Time And Again
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Time And Again

Memories of a Shabbos clock that turned on and off lights and -- shhh -- the TV, for the Dodgers.

Editor & Publisher of The NY Jewish Week.

One of my most prized possessions is a small black clock that hasn’t been used in decades and no doubt is commercially worthless.

It’s a pre-digital, electric timepiece, at least 70 years old. When I found it, tucked away in a drawer while cleaning out my mom’s home after her death five years ago, it brought back a flood of happy memories from my childhood, and I still smile every time I look at it. That’s because for many years it was used as a “Shabbos clock,” a timer that switches off and on electrical appliances plugged into it, common in observant homes. But there’s more to the story of this one.

The clock sat atop the television console in the living room of our family’s small apartment in Annapolis, Md., and later, after we’d moved across the street from the newly built synagogue in the suburbs, in the den of my parents’ home. Mostly it was used to switch on and off the main reading lamp in the room each Shabbat and yom tov, or Jewish festival, since we did not turn on lights on those nights and days.

But on a few rare, memorable occasions — specifically when the Brooklyn (and later Los Angeles) Dodgers were in the World Series and playing on Shabbat or Sukkot, and for the annual Army-Navy football game (after all, this was Annapolis) on a Saturday afternoon in the fall, the TV was plugged into the clock in advance so we could watch the games.

Remember, this was the 1950s and early ’60s, when mainstream Orthodoxy was practiced in a more relaxed manner than today, especially in small towns far from New York City. In those days it was common, even in nearby Baltimore, for Orthodox congregations to have annual dinner dances (though men and women danced only with their spouses); and decisions on which packaged foods one could eat — long before kashrut labels like the OU and others came to be — were based on a careful perusal of the printed ingredients.

I think one of the first, and certainly favorite, phrases I learned to read as a child was “made with vegetable shortening.”

My dad was the rabbi of the only synagogue in town, so we were discreet about the extracurricular use of our Shabbos clock. We watched because Dad was a serious Dodger fan, having grown up in Brooklyn, and especially proud that the team had broken baseball’s racial barrier by giving Jackie Robinson the chance to play in the major leagues. (Dad himself played a key role in successfully advocating for social change in the Annapolis of the 1950s, when the public schools as well as civic clubs and beaches were still segregated.)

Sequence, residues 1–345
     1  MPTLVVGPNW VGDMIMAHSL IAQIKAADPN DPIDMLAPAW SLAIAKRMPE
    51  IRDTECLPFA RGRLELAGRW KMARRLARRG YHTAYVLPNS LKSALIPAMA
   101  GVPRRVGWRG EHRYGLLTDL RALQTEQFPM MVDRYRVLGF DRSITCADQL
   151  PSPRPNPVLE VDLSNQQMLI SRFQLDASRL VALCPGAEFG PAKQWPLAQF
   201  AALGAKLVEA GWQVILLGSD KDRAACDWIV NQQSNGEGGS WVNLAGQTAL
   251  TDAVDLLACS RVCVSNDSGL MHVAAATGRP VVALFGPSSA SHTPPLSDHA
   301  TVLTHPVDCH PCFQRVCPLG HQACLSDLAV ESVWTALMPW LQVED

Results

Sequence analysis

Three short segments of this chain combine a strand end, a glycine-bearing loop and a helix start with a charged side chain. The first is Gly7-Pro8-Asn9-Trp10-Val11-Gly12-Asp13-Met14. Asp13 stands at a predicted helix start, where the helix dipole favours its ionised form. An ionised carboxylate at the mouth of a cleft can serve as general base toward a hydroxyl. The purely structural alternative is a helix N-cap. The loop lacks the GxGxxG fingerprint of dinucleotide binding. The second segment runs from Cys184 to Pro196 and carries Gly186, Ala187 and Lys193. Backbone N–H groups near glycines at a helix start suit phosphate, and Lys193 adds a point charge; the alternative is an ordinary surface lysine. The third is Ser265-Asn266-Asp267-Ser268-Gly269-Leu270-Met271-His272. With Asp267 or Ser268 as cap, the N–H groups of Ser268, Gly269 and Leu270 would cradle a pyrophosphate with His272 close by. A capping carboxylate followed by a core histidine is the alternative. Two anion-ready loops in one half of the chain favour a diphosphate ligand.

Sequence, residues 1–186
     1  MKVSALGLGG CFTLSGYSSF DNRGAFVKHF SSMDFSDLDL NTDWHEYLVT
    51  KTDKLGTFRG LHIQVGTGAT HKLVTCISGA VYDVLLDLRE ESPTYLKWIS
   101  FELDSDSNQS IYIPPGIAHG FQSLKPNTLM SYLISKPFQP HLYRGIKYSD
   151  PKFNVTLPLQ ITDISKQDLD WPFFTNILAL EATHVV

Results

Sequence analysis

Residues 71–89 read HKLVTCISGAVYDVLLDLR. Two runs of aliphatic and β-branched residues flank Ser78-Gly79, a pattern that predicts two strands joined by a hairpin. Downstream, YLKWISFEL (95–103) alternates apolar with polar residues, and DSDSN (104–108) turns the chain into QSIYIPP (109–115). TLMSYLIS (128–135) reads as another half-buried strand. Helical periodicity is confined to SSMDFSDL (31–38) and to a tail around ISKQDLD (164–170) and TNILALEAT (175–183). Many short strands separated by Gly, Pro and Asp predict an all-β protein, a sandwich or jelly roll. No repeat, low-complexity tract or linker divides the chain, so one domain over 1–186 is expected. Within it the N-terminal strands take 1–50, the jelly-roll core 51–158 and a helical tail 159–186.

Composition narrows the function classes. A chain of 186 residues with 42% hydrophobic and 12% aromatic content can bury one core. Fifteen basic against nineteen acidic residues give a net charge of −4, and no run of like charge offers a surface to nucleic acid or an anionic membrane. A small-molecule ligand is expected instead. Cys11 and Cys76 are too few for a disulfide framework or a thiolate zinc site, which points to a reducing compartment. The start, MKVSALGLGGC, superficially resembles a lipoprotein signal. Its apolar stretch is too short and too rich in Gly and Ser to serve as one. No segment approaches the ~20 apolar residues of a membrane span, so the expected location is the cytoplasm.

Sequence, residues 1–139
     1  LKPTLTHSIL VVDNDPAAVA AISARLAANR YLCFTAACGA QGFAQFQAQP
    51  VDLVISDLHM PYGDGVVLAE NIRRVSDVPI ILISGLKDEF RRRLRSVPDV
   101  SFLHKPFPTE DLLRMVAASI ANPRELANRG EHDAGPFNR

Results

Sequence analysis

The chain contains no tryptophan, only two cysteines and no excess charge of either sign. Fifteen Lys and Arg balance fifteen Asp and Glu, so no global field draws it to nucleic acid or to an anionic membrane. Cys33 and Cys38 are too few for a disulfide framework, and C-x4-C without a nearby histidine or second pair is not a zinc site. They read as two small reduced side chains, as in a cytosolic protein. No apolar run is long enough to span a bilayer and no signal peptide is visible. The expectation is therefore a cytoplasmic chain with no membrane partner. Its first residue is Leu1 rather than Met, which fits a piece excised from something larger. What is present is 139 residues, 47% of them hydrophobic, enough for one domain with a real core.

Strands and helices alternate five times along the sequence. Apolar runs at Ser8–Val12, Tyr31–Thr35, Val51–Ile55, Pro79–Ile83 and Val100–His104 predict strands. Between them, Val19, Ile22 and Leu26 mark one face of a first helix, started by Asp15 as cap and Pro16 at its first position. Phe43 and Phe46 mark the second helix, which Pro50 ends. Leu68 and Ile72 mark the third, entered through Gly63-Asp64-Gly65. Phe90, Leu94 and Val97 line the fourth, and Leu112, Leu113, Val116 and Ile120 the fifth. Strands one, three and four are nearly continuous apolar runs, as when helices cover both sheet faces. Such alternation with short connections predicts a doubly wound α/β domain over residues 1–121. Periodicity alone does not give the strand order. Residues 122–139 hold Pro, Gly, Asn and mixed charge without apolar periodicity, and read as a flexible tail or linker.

As I grew older I came to believe that rooting for the Dodgers was in some ways an expression of Jewish values. While the New York Yankees represented excellence, they were white, corporate and all business, winning championships year after year. Being a Yankee fan seemed like rooting for IBM.

The Dodgers, by contrast, were authentic, gritty, of the people.

They didn’t have flashy superstars, they defied bigotry (and suffered for it) in hiring the game’s first African-American player, and as perennial runner-ups they inspired a motto evocative of a pious Jew’s belief in the eventual arrival of the Messiah: “Wait ’til next year.”

Next year finally came in 1955, and even though my dad invited me to skip class and watch the seventh game of the Series with him that fateful Tuesday afternoon — I often walked home for lunch when I was in elementary school — I went back to my fourth-grade class, reluctantly, fearful that any disruption in my daily routine would offend the Baseball Gods and ruin the Dodgers’ chances after five World Series losses to the Yankees going back to 1941. (I guess my logic worked; the team won its only World Series as the Brooklyn Dodgers that October day.)

In Annapolis, home of the U.S. Naval Academy, the annual Army-Navy game is more than a football game. Going back to 1890, the intense rivalry is not only played out on the field. It’s a ritual and rite of passage whose outcome determines the mood at West Point and Annapolis for a whole year. “Beat Army” is drilled into the heads of the 4,000 midshipmen — and “Beat Navy” into those of the cadets’  — on a daily basis.

Freshmen (“plebes” at both schools) are the subject of additional (and already intense) hazing for the rest of the year if their school’s team loses the big game.

As a kid I was fascinated by the Naval Academy. Its vast, majestic grounds are separated from the town by a physical wall, but its spirit of patriotism and can-do discipline permeate the charming colonial confines of Maryland’s capital city. I would read up on the history and traditions of the Academy and even tried to offer my talents as a guide to visitors on occasion. Some compassionate souls would give me a few coins when I offered my services, no doubt to get rid of this annoying kid rather than in gratitude for my eagerness to share my insights of Naval lore.

The Army-Navy contest was a must-see in town, especially in the heady playing days of Navy’s only two Heisman Trophy winners, halfback Joe Bellino (1960) and quarterback Roger Staubach (1963).

My ticket to their heroics, and to memorable World Series moments from Dodgers like Duke Snider, Gil Hodges, Peewee Reese and Sandy (The Catch) Amoros, were all made possible by that black Shabbos clock, which I think of as a kind of magical bridge between the world of religious tradition and modern life. It still enjoys a place of honor in my home.

May it “tick on, olam.”

Gary@jewishweek.org

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